Time to get a little real now, though.
I have heard a lot of people say that “yeah, there’s more beer being made, and there’s definitely a lot more bad beer being made.” I don’t like the statement, and I don’t necessarily agree.
I still haven’t had very many bad bad beers from local brewers; I’m talking ones that are genuinely off flavored or messed up. But I drank a lot of truly…let’s say, average ones last night. At best.
I skipped around to a lot of beers and found more than a few truly forgettable offerings — some with too many unnecessary adjuncts jammed in, a few that were just out of balance, a few missing the flavors that were promised and a few that were just plain out of whack. Look, I don’t expect every beer to hit it out of the ballpark. Truly great beers are few and far between. It seemed, though, the ratio of shoulder shrugs to raised-eyebrows-“shit this is good” samples was skewed far more towards the former.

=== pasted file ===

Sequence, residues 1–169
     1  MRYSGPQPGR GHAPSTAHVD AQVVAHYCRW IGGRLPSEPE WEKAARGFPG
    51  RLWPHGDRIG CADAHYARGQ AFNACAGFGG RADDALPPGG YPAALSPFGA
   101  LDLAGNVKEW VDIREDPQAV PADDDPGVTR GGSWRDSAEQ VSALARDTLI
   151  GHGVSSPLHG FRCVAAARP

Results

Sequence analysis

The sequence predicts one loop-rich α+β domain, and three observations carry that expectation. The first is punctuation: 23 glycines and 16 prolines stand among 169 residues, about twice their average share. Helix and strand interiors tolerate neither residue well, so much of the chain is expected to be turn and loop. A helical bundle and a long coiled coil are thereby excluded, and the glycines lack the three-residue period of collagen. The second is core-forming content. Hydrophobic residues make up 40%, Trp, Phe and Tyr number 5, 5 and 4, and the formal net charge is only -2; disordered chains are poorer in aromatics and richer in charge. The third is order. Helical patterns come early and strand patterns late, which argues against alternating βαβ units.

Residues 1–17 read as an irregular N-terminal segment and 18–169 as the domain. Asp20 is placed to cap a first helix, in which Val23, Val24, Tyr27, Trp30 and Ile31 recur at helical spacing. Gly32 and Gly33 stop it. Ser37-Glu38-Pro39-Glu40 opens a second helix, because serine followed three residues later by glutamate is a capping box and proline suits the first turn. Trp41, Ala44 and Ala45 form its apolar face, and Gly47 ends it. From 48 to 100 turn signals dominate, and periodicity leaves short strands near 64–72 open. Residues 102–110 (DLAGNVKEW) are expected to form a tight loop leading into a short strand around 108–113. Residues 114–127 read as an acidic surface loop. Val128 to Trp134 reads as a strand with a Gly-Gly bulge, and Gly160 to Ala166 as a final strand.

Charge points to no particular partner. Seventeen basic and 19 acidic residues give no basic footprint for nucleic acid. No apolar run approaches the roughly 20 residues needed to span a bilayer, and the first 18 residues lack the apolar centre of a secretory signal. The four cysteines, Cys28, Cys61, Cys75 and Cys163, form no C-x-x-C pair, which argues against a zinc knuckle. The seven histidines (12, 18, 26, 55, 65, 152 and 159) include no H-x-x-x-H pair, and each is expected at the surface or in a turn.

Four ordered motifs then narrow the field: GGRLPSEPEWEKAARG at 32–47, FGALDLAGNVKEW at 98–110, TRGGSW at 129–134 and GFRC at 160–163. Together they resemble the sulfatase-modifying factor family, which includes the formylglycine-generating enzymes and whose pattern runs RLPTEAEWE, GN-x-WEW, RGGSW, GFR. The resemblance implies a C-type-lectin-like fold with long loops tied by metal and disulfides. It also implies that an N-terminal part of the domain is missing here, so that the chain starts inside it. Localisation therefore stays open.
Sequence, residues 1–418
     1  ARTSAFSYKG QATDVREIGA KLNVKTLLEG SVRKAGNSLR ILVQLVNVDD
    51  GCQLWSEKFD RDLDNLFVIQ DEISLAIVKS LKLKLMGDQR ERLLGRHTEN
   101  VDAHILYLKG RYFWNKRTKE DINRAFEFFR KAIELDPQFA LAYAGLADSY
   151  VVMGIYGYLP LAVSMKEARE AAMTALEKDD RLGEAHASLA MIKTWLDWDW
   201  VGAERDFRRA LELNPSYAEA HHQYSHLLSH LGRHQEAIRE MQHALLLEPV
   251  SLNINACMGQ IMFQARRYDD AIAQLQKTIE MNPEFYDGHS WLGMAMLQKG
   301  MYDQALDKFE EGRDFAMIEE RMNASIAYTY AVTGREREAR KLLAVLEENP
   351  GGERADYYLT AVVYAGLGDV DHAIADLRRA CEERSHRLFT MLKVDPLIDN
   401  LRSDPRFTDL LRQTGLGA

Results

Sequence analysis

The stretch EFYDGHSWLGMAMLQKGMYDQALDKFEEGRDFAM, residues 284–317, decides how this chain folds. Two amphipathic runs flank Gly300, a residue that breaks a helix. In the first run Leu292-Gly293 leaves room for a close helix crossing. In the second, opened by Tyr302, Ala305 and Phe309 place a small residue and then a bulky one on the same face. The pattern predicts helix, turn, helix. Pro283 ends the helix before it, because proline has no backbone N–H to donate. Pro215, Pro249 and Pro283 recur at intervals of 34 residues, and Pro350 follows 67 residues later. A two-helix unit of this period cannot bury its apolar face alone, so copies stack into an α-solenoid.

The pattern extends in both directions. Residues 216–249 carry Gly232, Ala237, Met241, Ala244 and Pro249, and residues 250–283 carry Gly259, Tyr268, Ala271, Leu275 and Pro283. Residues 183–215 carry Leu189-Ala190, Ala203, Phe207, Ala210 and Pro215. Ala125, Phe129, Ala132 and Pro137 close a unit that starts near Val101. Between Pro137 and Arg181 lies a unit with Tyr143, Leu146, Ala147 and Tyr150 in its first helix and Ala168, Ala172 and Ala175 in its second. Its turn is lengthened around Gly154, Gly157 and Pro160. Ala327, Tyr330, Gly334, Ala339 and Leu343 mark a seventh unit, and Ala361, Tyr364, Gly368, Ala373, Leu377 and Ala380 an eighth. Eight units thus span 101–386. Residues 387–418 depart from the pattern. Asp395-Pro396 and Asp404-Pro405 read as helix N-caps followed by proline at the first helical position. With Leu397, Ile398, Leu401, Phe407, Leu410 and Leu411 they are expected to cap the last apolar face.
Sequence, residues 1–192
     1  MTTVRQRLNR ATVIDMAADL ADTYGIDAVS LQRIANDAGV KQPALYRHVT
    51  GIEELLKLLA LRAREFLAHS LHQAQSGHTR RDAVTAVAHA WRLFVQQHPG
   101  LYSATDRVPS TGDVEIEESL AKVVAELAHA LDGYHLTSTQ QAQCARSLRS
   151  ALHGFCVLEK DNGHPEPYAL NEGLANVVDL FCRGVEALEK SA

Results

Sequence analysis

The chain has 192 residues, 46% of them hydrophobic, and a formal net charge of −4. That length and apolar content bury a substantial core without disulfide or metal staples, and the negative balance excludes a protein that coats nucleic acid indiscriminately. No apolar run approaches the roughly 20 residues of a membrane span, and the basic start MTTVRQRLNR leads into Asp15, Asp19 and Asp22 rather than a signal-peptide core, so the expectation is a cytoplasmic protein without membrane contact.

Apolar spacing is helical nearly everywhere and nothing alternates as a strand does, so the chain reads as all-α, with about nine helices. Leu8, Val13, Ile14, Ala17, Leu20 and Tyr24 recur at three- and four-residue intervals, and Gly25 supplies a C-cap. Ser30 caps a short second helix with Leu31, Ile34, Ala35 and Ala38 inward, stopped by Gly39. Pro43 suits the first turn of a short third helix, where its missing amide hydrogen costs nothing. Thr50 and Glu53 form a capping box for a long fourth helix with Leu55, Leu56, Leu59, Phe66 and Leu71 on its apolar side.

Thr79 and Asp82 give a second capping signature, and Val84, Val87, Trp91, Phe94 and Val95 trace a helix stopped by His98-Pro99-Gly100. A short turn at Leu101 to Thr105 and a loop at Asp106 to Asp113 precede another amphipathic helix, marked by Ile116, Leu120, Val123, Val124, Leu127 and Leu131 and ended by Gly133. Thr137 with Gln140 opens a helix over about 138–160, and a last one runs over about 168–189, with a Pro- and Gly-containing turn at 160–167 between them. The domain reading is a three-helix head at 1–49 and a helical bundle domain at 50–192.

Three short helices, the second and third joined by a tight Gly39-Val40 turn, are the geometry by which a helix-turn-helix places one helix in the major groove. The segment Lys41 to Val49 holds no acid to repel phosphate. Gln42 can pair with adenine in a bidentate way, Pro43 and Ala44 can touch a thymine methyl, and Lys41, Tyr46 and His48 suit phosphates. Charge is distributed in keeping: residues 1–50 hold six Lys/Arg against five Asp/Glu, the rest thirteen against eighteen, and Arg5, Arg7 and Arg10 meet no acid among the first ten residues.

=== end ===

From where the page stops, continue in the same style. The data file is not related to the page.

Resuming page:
But, for whatever it’s worth, I didn’t see a single selfie get taken all night. Way to go on that front, Chicago drinkers.
Believe it or not, my favorite offering of the evening wasn’t even a beer. No, it wasn’t a cider, either — there were only a couple of those on tap, those being Uncle Johns and a Starcut from Short’s.
Instead, it was the March To Buzz mead from Misbeehavin‘ Meads out of Valparaiso, an 8.25% ABV carbonated mead dryhopped with Citra. It was, to my palate, a major flavor success — the light, dry sweetness of the mead allowed the hop aroma to shine with a real purity of character that I can’t ever remember encountering the same way — and it was also a real education on what hopped meads could do.
Anyways, that’s this year’s Beer Under Glass. It remains one of the year’s best beer events, hands down. And for once, the palm trees in the Conservatory weren’t even a tease of more tropical climes.